It is very hard, nearly impossible to answer that question because what makes my job so interesting is that every week I get to work on different music. Although I have some favourite pieces that I like more than others, I don’t want to conduct only those things because classical music is so diverse. One week you are doing Mussorgsky’s Pictures at an Exhibition, and the next you are doing a Beethoven symphony, then you can do a Brahms symphony, then you can do some Shostakovich. All these pieces are so different and this is the magic of classical music. People sometimes say ‘I don’t like classical music’. Well, it can’t be true! The repertoire is so diverse I think anyone could find something in classical music they would like and that’s what makes my work interesting.
Have you got any tales from the podium to tell?
There is one concert I will remember forever. Whilst I was Assistant Conductor for the Warsaw Philharmonic there was a cancellation – this is the situation that every assistant conductor dreams of! But on this occasion the programme was very tough. The programme included Stravinsky’s The Rite of Spring and I had very limited time to prepare for such a complex piece. I don’t know if it was because I was so tired or because the music is so magnificent, but I remember for the last five minutes I completely lost consciousness. I had no idea what was happening. The last five minutes is quite difficult from a conducting point of view because of the irregular rhythms and tempos, as a conductor this is the time that you must concentrate. I completely blacked out for these five minutes but I did not fall. At the end I opened my eyes and thought ‘oh gosh, who are these people? Oh, it’s an orchestra! And there is an audience!’ So this was a strange and quite amazing experience, quite cathartic, a truly magical experience and I’ll remember it forever.
Did the orchestra notice at all?
I recorded the performance for my own study and when I watched it back I saw I was still conducting, I think all those rhythms and movements were in my subconscious, I have no idea how or what happened. It was strange, but I would love for it to happen again. It was the utmost joy that could ever happen to anyone. For me it was utter ecstasy of music.
Do you have any rituals on concert day, do you still get nervous before a big performance?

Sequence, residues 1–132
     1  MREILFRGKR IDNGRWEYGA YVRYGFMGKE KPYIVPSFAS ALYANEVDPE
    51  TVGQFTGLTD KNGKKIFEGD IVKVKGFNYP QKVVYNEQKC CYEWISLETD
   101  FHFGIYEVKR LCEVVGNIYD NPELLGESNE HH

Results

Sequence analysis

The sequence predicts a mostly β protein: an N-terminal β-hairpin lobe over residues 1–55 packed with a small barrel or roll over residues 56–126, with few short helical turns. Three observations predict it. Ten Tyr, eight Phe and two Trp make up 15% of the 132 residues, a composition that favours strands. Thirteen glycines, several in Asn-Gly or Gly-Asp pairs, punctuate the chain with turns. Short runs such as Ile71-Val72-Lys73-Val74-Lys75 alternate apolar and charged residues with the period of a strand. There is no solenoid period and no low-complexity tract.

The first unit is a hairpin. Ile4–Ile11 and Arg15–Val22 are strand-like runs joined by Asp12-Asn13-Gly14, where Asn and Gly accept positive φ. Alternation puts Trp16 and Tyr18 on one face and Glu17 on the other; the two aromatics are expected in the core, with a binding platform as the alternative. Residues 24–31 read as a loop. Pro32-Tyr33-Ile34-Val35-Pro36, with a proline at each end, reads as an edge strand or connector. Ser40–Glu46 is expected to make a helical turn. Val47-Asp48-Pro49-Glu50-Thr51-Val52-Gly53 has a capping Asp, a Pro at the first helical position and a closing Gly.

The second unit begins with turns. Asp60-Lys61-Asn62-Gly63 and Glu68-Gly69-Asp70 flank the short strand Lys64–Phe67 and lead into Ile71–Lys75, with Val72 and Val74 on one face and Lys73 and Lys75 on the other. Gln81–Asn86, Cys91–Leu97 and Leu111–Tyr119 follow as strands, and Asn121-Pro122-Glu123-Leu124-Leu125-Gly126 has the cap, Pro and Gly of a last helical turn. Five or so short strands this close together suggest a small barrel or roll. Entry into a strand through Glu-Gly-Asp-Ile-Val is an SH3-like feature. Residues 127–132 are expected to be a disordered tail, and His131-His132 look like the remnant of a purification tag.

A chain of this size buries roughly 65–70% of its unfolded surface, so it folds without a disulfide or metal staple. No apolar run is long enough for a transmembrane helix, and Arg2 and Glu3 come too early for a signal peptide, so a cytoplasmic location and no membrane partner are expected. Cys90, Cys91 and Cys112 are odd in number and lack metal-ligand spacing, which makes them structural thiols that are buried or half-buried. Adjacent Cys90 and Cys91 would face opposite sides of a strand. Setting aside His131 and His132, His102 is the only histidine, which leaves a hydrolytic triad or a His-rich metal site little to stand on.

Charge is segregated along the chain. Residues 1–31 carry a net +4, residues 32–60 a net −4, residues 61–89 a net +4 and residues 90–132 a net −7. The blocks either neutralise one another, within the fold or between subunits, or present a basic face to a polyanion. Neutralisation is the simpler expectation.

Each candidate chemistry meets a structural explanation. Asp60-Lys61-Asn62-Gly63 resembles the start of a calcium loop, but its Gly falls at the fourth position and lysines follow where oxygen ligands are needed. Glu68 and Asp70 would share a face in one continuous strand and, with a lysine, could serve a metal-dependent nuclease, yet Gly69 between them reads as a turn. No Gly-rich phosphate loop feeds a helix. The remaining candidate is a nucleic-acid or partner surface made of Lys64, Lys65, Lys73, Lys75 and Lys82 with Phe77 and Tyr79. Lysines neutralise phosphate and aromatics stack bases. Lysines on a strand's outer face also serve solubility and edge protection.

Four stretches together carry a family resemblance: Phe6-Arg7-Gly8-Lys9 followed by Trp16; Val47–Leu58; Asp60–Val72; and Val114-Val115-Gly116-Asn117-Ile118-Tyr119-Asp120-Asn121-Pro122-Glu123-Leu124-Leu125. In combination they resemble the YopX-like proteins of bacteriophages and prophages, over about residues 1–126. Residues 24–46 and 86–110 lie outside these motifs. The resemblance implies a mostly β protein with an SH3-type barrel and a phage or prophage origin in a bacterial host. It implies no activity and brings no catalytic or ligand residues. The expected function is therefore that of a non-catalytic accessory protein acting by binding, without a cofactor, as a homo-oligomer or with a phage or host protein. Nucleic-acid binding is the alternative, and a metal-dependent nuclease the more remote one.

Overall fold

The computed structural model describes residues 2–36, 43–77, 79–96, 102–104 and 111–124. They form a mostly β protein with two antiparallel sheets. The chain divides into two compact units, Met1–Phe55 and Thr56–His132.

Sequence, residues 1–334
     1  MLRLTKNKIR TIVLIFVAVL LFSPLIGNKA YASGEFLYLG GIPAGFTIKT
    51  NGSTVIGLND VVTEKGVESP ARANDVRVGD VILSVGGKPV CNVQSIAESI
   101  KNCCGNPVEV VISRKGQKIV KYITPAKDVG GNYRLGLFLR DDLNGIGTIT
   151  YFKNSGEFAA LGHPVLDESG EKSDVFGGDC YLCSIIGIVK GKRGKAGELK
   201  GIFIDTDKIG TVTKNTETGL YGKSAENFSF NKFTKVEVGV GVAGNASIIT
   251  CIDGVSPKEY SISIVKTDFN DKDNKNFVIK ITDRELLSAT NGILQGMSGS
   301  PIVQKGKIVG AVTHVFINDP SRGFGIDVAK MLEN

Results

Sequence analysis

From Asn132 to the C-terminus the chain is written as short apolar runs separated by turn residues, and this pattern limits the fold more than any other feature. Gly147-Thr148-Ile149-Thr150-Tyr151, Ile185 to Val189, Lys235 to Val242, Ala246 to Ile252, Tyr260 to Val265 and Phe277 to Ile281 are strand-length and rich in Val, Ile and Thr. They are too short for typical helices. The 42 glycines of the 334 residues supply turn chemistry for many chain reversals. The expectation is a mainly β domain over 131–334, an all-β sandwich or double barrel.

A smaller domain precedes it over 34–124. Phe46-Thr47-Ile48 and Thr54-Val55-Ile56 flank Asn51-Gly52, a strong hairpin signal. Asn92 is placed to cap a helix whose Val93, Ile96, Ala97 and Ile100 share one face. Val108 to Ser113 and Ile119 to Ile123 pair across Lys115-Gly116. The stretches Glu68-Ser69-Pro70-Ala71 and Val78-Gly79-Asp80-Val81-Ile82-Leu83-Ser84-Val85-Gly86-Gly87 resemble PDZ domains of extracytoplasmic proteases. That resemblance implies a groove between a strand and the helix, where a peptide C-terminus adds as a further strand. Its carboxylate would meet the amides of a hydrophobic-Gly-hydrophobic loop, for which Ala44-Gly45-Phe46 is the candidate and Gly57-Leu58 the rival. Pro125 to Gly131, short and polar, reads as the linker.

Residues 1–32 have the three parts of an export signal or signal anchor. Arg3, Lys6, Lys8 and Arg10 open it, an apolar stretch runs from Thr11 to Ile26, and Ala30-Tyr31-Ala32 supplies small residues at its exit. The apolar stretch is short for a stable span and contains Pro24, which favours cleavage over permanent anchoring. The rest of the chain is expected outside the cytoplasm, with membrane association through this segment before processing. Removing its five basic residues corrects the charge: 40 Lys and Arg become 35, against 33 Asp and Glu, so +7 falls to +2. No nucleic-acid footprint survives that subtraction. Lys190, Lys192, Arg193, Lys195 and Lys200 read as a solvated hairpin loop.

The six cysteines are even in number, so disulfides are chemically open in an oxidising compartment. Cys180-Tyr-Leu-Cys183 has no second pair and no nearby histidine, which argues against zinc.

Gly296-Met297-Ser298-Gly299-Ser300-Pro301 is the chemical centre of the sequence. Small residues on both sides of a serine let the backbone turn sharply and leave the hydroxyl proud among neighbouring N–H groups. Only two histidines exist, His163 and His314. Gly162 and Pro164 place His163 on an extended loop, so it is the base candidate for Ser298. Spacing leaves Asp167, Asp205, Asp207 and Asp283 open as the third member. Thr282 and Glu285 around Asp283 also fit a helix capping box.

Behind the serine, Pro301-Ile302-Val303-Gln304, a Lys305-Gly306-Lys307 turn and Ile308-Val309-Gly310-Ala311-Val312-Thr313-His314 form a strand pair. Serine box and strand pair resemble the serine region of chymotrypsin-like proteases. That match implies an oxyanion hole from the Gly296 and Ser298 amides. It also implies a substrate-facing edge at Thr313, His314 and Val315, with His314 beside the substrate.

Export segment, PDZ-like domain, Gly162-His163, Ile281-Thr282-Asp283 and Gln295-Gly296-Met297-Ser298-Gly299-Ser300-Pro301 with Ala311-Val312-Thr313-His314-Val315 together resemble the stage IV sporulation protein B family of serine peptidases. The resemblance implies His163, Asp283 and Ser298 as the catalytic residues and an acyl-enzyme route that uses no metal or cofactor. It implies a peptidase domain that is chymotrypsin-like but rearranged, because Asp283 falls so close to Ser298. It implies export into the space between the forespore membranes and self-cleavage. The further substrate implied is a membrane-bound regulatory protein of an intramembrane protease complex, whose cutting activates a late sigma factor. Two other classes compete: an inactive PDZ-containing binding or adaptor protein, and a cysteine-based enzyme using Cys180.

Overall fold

No, I don’t have any rituals. Actually, in my opinion concert day is very easy because the hardest part, the rehearsals, has already been done. In the rehearsals you have to work hard, you must stop and fix things all the time. The concert, in my perspective, is really the dessert. It’s always an enjoyable experience and I don’t get nervous. I used to, but that was quite a time ago. The concert is a special kind of concentration and sometimes when the mood is very good from both the orchestra and the audience it’s fun because some things that you never predict might happen.
Outside of conducting what do you like to do?
I love science and that’s my thing – especially astronomy, cosmology and philosophy.
If you were not a professional musician what might you have done for a living?
I don’t know. Maybe I would be a scientist. I always thought I wanted to do something that is important and what scientists do is so amazing. I am so happy to live in the 21st century. All the information we have of the world and the space and the universe is so different from 100 years ago. I’m so happy that science is developing so rapidly. I enjoy the fact that everything right now is so accessible. This is quite amazing!
Do you use a special kind of baton?
I do! I make them myself. I buy the top part of fishing rods and put them in wooden handles made by my father. They are just perfect because they exactly the way they should be. The balance is perfect and they are very tough. I remember at the beginning trying to use the wooden ones but every week I broke one because they are so weak, the ones I use now are made of a very strong carbon fibre.
If you could go back to the start of your career is there any advice you would give yourself?
I would say have more courage in doing music exactly the way I want it. I remember at the beginning of my career I was sometimes a little afraid of how far I could go in my interpretations. With all due respect to traditions, in every work I conduct – even if it’s a super well-known piece by Beethoven – I conduct as if it is world premiere performance. I try to forget everything and create my vision of it, or rather, exactly the way it is written because of the immense respect I have for the composer.
For example in Dvořák’s Ninth Symphony, the final movement is marked ‘Allegro con fuoco’ which means very fast. Traditionally though, everyone does it very slowly, but the written tempo is at least twice as fast as this! I had always wondered why people continued to conduct the movement at this tempo and why there was no discussion about it? But, I never allowed myself to do it at the speed I wanted. But now I think no! Dvořák was right! He knew what he was writing. So I’ve decided I have to do it this way because it is what Dvořák wrote. Of course, one needs to ask the question, maybe if Dvořák heard the traditional very slow, majestic ending, he might like it. But when he was composing he had something different in mind. Now when I work a piece, I try to forget everything I already know about it, to have my own view of it. I want to hear the music the way I like. Incidentally, Dvořák Nine has never been recorded in the way I would like to hear it so conducting it is my only chance to hear the symphony the way I love. And that is why I conduct!
Krzysztof Urbański conducts Glinka’s Overture: Ruslan & Lyudmila, Szymanowski‘s Violin Concerto with Nicola Benedetti and Mussorgsky’s Pictures at an Exhbition on Sunday 3 May.